The life of an 11-year-old young girl (Eloise Laurence) from North London irrevocably changes after she sees her neighbour violently attacked.

A bold debut for Rufus Norris.

Director Rufus Norris’ debut feature is challenging on many levels in its exploration of love within the confines of a middle-class cul-de-sac in North London.

Norris’ greatest asset by far is his lead actress

Scenes of brutal violence, psychological torment and innocence lost make for a gruelling emotional journey in this frank, soulful work that clearly stems from the kitchen-sink drama traditions of British cinema. (It’s structure also unavoidably attracts comparison to Robert Mulligan’s classic, To Kill a Mockingbird.) Norris, one of the West End’s most acclaimed young stage directors, has announced himself as a filmmaker with a clear vision and a strong sense of character in bringing to the screen scriptwriter Mark O’Rowe’s adaptation of Daniel Clay’s 2008 novel.

Norris’ greatest asset by far is his lead actress, Eloise Laurence. As 'Skunk’, fellow debutant Laurence vividly conveys the confusion and increasing desperation of a precocious pre-teen. As a type A diabetic, she has already been forced to confront her own mortality, her daily sugar-level readings crucial to her well-being, but when her optimism begins to drain away, Laurence captures the hurt with precise insight while never foregoing hope. Onscreen for almost every frame, hers is a wonderful performance.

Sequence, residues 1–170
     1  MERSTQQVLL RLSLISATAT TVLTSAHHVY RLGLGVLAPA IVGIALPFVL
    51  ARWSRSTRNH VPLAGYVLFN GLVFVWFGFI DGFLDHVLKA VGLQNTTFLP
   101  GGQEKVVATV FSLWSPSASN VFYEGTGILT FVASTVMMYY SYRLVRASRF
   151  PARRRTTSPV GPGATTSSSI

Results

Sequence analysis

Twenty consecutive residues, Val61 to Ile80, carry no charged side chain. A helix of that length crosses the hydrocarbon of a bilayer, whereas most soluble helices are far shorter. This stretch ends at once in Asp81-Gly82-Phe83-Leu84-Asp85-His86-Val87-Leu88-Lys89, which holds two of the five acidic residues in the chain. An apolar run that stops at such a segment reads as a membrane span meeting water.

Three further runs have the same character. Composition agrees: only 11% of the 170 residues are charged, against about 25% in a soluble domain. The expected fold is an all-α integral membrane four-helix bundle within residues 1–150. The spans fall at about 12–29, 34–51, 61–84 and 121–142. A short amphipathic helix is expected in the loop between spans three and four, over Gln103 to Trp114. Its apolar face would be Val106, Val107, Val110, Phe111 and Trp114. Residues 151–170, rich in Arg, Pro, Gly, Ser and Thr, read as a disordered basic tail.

Skunk shares a sweet bond with her neighbour, the intellectually under-developed Rick (Robert Emms). Between their homes live The Oswalds, a family of three tough daughters ruled over by an impulsively violent widower (Rory Kinnear). When the promiscuity of one daughter is revealed, she lies and blames Rick, resulting in shockingly brutal retribution, all witnessed by Skunk. Her single father, level-headed lawyer Archie (Tim Roth), tries to maintain a level of civility amongst the warring families while caring unflinchingly for Skunk, whose first days at high school further undermine her sweet faith in the goodness of people.

Broken is first and foremost about love in various forms and the highs and lows of the experience, as filtered through Skunk’s eyes. Her brother Jed (Bill Milner) is discovering the pleasures and subsequent responsibilities of lust, while housemaid Kasia (Zana Marjanovic) is in a tempestuous romance with Skunk’s teacher, Mike (Cillian Murphy), who is also dealt a blow when falsely accused by one of the nefarious Oswald girls. Skunk herself feels the sting of love lost when her own first crush leaves town.

The bleakness of the lives in the cul-de-sac is tempered by Norris’ visual styling. His DOP Rob Hardy bathes the film in warm sunlight and the yellow glow of household lamps; the neighbourhood is littered with an ochre blanket of autumn leaves (the season of change no doubt symbolic). This is not the chilly steel-grey setting of early Mike Leigh or Ken Loach.

Most divisive will be Norris’ third act, which detractors have labelled as melodramatic soap opera and flagrantly indulgent. The narrative’s trajectory certainly spirals off into territory not hinted at earlier in the film and Norris’ decision to literally overstate Skunk’s strong spirit will prove insurmountable for some. (I’m dancing around spoilers here, suffice it to say eyes both teared up and rolled in equal measure at the screening I attended.)

Ultimately, Broken becomes more than expected due to Norris’ bold vision and Laurence’s fearless acting. It is a sad viewing experience, but never a pessimistic one. Skunk’s world is full of love; whatever fractured form it may take, Broken always returns to that enriching notion.

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1 hour 31 min
In Cinemas 16 May 2013,